Automatic email to-do item generation is the task of generating to-do items from a given email to help people overview emails and schedule daily work. Different from prior research on email summarization, to-do item generation focuses on generating action mentions to provide more structured summaries of email text.Prior work either requires large amount of annotation for key sentences with potential actions or fails to pay attention to nuanced actions from these unstructured emails, and thus often lead to unfaithful summaries. To fill these gaps, we propose a simple and effective learning to highlight and summarize framework (LHS) to learn to identify the most salient text and actions, and incorporate these structured representations to generate more faithful to-do items. Experiments show that our LHS model outperforms the baselines and achieves the state-of-the-art performance in terms of both quantitative evaluation and human judgement. We also discussed specific challenges that current models faced with email to-do summarization.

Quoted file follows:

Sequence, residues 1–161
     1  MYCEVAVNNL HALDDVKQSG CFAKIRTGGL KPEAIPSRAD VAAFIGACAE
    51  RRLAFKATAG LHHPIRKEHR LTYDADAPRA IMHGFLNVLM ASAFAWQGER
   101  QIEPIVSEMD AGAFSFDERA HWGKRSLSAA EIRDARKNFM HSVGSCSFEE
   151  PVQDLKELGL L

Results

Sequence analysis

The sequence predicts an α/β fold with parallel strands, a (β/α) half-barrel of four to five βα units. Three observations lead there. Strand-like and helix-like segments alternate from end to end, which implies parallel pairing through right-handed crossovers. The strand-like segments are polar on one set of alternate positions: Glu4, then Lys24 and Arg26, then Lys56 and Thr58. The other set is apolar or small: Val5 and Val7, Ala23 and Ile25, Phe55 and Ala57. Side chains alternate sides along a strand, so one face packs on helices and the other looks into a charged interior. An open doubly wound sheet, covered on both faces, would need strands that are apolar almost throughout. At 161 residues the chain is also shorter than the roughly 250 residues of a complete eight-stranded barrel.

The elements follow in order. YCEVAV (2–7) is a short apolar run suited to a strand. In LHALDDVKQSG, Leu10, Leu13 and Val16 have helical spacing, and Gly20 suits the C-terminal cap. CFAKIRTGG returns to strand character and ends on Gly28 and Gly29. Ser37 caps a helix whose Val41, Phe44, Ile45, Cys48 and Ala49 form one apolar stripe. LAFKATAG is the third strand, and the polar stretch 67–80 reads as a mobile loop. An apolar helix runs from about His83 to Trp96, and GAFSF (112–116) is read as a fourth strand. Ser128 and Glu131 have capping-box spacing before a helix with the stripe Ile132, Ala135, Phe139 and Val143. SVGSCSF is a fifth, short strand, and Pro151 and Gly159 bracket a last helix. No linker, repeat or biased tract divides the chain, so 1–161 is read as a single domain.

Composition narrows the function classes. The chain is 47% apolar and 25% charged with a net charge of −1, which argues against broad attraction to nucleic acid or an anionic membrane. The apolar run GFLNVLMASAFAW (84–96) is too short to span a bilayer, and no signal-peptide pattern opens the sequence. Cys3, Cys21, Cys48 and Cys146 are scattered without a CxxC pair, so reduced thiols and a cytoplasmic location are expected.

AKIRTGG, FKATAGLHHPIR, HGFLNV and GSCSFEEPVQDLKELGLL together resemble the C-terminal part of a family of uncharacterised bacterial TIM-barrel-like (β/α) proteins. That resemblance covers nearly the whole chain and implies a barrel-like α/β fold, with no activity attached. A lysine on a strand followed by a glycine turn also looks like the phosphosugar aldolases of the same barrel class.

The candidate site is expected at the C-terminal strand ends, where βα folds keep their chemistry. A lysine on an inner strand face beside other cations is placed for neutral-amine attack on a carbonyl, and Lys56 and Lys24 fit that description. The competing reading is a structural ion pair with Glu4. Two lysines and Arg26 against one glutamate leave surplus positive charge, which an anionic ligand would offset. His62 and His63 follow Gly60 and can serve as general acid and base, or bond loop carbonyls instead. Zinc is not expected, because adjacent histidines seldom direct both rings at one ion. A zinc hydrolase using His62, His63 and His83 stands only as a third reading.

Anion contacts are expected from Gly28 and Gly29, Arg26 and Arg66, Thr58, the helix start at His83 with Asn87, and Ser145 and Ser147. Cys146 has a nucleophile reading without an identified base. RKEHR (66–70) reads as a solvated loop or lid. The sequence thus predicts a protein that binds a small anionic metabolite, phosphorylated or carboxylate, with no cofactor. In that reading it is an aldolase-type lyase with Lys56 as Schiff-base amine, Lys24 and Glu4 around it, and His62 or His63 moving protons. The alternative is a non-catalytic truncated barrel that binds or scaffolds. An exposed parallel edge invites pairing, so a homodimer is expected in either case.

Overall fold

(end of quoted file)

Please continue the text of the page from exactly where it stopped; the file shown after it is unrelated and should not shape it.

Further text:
Pre-trained language models have shown impressive performance on a variety of tasks and domains. Previous research on financial language models usually employs a generic training scheme to train standard model architectures, without completely leveraging the richness of the financial data. We propose a novel domain specific Financial LANGuage model (FLANG) which uses financial keywords and phrases for better masking, together with span boundary objective and in-filing objective. Additionally, the evaluation benchmarks in the field have been limited. To this end, we contribute the Financial Language Understanding Evaluation (FLUE), an open-source comprehensive suite of benchmarks for the financial domain. These include new benchmarks across 5 NLP tasks in financial domain as well as common benchmarks used in the previous research. Experiments on these benchmarks suggest that our model outperforms those in prior literature on a variety of NLP tasks. Our models, code and benchmark data will be made publicly available on Github and Huggingface.